Columbia University

Faculty of Arts and Sciences

Executive Committee

The Executive Committee of the Faculty of Arts and Sciences is the trinity of senior leadership that holds a major decision-making authority for the Arts and Sciences and its constituent schools. It is composed of the Executive Vice President for Arts and Sciences, the Dean of Columbia College and the Dean of the Graduate School for Arts and Sciences.  

David Madigan is the Executive Vice President and Dean of Faculty of Arts and Sciences. He is a professor of statistics at Columbia University, and served as the department chair since 2007. Before coming to Columbia in 2007, he was the dean of physical and mathematical sciences at Rutgers University. EVP Madigan serves on the executive committee of the Institute for Data Sciences and Engineering, which was created last year in partnership with New York City. He also chairs the Provost’s Faculty Committee on Online Learning and the Shared Research Computing Policy Advisory Committee and has helped lead Columbia’s effort to offer online versions of the M.A. in statistics and the M.S. in actuarial science.

EVP Madigan received his B.A. in mathematical sciences and a Ph.D. in statistics, both from Trinity College in Dublin. He previously worked in the private sector for several companies in statistical roles before moving into academia, first at the University of Washington, then Rutgers University. He’s authored over 140 publications in such areas as Bayesian statistics, text mining, Monte Carlo methods, pharmacovigilance and probabilistic graphical models. He is an elected Fellow of the American Statistical Association, the Institute of Mathematical Statistics, and the American Association for the Advancement of Science. 

EVP Madigan’s current research focuses primarily on the development of statistical methodology for large-scale applications, with a particular emphasis on drug safety. He has helped develop a newer statistical method that improves a drug safety reporting system that is patently inadequate currently employed by major governmental agencies (and similar agencies worldwide).

 

James J. Valentini was appointed Dean of Columbia College and Vice President for Undergraduate Education in September 2011. Dean Valentini has been a member of Columbia’s faculty since 1990 and previously served as chair of the Chemistry Department and director of the Chemistry Department’s Undergraduate Studies Program. He was also instrumental in creating the Science Research Fellows program. Before becoming Dean, Professor Valentini served on numerous College and University committees focused on curriculum matters, undergraduate affairs, alumni relations, and faculty governance, diversity and tenure.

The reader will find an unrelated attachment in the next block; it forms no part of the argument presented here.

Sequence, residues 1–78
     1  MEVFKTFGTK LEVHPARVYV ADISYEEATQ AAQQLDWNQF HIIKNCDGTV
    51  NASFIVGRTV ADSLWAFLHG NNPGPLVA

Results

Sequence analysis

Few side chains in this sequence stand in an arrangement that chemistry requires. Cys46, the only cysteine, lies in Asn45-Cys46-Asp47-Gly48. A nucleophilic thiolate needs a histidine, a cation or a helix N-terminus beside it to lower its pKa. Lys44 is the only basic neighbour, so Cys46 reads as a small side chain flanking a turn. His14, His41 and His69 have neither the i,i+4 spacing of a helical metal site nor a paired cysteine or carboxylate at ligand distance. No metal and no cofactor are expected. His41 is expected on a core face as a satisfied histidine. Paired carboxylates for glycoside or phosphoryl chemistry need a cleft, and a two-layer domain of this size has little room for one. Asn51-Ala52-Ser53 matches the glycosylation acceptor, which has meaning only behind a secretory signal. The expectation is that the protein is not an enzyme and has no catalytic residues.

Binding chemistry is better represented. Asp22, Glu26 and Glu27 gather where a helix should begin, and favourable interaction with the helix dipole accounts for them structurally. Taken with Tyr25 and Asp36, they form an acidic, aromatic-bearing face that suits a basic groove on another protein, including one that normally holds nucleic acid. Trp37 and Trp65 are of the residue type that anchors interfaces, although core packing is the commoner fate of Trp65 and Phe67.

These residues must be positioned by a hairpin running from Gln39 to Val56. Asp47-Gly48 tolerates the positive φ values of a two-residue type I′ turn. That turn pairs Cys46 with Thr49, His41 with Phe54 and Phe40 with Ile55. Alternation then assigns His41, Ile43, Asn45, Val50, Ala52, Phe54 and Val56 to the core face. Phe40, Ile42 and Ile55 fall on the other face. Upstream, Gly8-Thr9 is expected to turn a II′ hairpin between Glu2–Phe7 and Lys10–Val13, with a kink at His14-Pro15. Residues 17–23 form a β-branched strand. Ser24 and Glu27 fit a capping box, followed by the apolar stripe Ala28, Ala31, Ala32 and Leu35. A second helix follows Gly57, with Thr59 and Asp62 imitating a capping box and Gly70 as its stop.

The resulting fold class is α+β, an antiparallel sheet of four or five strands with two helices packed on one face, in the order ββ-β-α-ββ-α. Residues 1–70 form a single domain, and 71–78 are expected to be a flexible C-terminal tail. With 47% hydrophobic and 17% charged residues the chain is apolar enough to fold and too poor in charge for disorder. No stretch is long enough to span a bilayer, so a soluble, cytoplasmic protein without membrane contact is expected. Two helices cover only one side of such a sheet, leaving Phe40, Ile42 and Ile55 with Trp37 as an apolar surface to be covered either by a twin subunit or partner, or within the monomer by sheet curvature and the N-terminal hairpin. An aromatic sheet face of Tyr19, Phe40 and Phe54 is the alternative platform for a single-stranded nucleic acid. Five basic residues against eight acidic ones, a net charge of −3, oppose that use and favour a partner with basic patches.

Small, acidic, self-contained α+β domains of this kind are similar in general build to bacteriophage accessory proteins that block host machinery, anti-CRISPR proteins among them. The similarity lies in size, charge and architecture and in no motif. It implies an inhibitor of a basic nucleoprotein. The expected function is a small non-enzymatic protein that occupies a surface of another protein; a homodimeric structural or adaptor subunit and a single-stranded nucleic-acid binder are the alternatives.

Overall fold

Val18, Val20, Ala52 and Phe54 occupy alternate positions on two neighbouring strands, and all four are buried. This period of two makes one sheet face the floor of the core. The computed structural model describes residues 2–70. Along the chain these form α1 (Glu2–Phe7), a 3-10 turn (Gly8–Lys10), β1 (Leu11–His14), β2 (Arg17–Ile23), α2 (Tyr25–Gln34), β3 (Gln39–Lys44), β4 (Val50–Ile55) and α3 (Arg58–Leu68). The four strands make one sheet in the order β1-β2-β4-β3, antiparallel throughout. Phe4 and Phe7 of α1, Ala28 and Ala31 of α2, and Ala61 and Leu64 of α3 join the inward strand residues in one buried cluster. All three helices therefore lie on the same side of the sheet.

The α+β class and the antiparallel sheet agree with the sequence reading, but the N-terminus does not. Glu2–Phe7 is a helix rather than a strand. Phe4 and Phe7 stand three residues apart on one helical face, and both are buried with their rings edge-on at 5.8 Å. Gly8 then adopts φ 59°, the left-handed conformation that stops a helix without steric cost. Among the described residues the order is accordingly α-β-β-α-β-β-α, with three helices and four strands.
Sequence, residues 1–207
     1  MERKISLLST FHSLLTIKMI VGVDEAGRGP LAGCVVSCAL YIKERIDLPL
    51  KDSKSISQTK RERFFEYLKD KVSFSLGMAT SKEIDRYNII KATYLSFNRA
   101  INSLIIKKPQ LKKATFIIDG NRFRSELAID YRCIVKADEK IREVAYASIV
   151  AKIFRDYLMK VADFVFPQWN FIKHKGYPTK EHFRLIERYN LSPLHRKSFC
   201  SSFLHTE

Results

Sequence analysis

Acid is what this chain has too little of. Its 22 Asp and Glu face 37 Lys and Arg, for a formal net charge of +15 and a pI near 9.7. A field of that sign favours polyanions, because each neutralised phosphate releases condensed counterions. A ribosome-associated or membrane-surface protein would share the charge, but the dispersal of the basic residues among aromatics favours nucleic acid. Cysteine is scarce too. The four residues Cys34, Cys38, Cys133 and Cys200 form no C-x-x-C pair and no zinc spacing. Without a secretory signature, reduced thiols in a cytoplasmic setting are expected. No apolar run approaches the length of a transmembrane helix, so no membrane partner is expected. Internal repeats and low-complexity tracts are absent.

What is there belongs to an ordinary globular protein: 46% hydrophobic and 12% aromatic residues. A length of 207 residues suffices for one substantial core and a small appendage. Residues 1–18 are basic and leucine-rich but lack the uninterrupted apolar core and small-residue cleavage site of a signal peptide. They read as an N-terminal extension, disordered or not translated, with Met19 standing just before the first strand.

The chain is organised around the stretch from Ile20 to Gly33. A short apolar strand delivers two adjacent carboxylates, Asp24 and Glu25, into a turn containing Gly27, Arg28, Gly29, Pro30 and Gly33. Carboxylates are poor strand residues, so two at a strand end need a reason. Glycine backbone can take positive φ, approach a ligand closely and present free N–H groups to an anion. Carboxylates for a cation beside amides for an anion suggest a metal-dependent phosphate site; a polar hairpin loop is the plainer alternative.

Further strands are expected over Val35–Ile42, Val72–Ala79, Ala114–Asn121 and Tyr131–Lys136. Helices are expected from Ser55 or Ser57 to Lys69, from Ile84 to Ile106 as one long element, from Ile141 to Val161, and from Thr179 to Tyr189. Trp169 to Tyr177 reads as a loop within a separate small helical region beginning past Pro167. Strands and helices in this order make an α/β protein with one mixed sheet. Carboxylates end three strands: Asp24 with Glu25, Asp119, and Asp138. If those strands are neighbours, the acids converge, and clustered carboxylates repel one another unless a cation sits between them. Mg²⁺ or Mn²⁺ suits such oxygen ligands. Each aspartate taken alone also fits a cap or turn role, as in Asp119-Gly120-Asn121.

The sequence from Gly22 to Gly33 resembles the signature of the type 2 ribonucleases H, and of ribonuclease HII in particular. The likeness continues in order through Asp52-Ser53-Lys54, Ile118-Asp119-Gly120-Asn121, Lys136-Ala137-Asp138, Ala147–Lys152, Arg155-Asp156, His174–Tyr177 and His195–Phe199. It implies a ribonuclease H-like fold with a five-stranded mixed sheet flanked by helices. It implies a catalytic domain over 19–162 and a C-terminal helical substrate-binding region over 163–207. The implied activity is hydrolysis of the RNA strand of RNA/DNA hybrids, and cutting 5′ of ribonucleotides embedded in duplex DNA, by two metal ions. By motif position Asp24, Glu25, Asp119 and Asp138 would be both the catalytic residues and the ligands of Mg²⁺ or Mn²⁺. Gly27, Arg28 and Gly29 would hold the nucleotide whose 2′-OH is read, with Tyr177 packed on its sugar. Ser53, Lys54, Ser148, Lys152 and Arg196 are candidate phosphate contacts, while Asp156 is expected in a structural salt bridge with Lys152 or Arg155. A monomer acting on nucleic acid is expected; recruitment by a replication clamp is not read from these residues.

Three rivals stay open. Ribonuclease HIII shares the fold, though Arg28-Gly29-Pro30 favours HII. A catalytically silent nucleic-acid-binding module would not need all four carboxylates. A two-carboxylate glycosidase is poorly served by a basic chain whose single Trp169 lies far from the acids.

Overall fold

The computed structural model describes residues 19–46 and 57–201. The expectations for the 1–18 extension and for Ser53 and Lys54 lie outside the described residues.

Dean Valentini earned his B.S. in Chemistry from the University of Pittsburgh, his M.S. in Chemistry from the University of Chicago, and his Ph.D. in chemistry from the University of California, Berkeley, and completed postdoctoral work at Harvard University. He was a member of the research staff at Los Alamos National Laboratory and a professor of chemistry at the University of California, Irvine, before coming to Columbia.

As the chief academic and executive officer of Columbia College, Dean Valentini’s central focus is to support and develop the College so that students and faculty have the best possible experience. The Dean overseas the College curriculum, which includes the Core Curriculum, as well as the academic and administrative services and policies that contribute to the undergraduate experience inside and outside of the classroom.

 

Carlos J. Alonso is the Dean of the Graduate School of Arts and Sciences and Morris A. and Alma Schapiro Professor in the Humanities in the Department of Latin American and Iberian Cultures. Prior to serving as dean he was chair of the department of Latin American and Iberian Cultures from 2005-10, and was Director of Undergraduate Studies for the Institute for Comparative Literature and Society for four years. He arrived at Columbia in the fall of 2005 from the University of Pennsylvania, where he was the Edwin B. and Leonore R. Williams Professor of Romance Languages.

Dean Alonso received his B.A. from Cornell in Spanish and Latin American Literature and went on to Yale to complete his M.A. and Ph.D. in Latin American literature He is the author of Modernity and Autochthony: The Spanish American Regional Novel, and The Burden of Modernity: The Rhetoric of Cultural Discourse in Spanish America, and editor of Julio Cortázar: New Readings. He was also the editor of PMLA—arguably the premier journal of literary criticism and theory—during 2000-03, and edited the Hispanic Review in 2003-06, a period that ushered in changes that led to an award in 2005 for best journal design by the Council of Editors of Learned Journals. While at Penn, Dean Alonso was the recipient of a Lindback Award for Distinguished Teaching, the university's highest award for pedagogical excellence.

Dean Alonso specializes in 19th and 20th-century Latin American intellectual history and cultural production, and in contemporary literary and cultural theory. He has taught recently the required graduate seminar on Literary and Cultural Theory and the course Theories of Culture in Latin America. Under his editorship the department's Revista Hispánica Moderna received the 2009 Council of Editors of Learned Journals Phoenix Award for Significant Editorial Achievement.